Public Warned Against ID Registration Irregularities

price geneva; font-size: small; line-height: 200%;”>“It has come to our notice that under the ongoing mass registration process for the national identification card exercise, buy the public is being conned by some unidentified persons claiming to be working for ministry of Internal Affairs,” says Namayanja.

According to the report, some people are selling enrolment/registration forms while others continue extorting money from unsuspecting public under the pretext of helping citizens to register.

“Forgeries of documentation like birth certificates, baptism cards, marriage certificates among others and knowingly giving false information especially about one’s citizenship status,” are some of the instances cited by the Minister.

“The exercise is absolutely free and all enrolment centres have enough forms with more in stock at national identity card centre.”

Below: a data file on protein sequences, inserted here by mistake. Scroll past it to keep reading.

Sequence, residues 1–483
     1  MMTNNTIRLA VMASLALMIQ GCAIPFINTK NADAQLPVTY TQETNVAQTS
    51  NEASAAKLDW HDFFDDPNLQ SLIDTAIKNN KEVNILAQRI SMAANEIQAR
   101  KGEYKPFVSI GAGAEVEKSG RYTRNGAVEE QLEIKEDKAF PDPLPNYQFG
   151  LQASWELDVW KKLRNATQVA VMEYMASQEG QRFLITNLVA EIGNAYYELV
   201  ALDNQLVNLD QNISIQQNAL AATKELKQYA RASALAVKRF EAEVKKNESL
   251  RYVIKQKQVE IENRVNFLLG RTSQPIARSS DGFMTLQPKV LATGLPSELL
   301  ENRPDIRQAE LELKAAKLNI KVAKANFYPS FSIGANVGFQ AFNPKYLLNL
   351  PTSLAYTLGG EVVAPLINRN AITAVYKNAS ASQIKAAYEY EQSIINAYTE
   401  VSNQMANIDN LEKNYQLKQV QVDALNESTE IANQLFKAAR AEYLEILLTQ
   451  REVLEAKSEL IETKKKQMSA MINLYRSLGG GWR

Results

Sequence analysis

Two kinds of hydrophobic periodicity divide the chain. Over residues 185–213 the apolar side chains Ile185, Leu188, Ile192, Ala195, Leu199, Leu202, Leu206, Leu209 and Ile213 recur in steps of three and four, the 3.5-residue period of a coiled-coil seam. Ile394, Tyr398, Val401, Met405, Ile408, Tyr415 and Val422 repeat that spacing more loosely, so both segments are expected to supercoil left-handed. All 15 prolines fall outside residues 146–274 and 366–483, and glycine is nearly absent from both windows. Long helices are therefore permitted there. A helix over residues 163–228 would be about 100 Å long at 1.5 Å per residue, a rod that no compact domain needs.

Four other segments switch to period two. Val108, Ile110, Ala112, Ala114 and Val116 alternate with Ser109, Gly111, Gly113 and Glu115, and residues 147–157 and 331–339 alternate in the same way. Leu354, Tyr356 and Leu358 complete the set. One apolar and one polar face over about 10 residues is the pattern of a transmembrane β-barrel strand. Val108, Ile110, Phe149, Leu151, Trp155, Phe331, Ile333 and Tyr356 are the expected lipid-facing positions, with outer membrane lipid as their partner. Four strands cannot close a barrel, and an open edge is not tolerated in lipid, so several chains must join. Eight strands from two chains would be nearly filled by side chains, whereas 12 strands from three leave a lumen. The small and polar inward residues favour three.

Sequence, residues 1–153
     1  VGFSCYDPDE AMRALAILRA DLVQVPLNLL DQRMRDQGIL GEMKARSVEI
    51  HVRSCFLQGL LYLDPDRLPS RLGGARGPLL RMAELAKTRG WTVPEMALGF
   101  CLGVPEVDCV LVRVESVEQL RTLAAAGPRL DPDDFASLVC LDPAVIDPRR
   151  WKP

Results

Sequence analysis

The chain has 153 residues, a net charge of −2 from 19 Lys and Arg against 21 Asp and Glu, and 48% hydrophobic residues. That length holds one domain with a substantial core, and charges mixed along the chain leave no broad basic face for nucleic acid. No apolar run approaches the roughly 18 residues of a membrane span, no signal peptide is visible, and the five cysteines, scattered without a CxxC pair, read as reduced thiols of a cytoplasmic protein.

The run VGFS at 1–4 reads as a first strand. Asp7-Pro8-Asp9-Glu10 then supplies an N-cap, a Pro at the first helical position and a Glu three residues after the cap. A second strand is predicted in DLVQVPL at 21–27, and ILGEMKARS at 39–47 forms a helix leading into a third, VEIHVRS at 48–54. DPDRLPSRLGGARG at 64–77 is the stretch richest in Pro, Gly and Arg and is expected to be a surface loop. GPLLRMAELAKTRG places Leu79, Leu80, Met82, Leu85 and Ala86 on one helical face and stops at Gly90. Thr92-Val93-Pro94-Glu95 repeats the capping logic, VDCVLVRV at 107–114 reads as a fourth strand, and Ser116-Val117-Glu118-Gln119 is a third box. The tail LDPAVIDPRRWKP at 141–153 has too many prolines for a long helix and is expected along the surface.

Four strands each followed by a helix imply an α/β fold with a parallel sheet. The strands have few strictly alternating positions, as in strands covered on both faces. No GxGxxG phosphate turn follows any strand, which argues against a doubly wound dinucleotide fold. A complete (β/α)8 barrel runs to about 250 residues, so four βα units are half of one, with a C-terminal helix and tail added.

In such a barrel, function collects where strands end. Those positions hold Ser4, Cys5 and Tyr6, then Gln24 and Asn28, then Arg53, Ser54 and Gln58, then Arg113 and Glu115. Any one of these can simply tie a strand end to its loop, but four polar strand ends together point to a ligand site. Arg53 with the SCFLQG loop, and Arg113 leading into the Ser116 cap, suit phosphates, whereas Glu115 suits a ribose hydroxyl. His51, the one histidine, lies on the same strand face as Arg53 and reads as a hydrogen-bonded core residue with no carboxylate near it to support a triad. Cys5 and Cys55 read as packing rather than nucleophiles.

She further alerts the public that there are form filling guides that have been translated into different languages to ease the process.

“It’s therefore important for all citizens to get concerned and avoid these habits because they are against the laws governing this country.”

The ID registration exercise kicked off towards the middle of this month.

According to State Minister for Internal Affairs, James Baba, Ugandans are required to present a birth certificate, baptism certificate, passport, school identification card, school report or marriage certificate to prove their citizenship.

The national Identity Card will be used for citizenship identification, issuance of national identity cards, passports, travel and other purposes.

Babu further observed that the national IDs will apply in timely registration and monitoring of citizenship, births, marriages, deaths, aliens and refugees etc.

The cards will as well be useful in immigration and passport control, employment-pension contributions, benefits, insurance and law enforcement especially in ability to track illegal activities and criminals.

Government also hopes to use national IDs in national population statistics (censuses, surveys, segregation and monitoring trends for planning purposes etc).

The exercise which has so far registered a few hindrances, will last four months.


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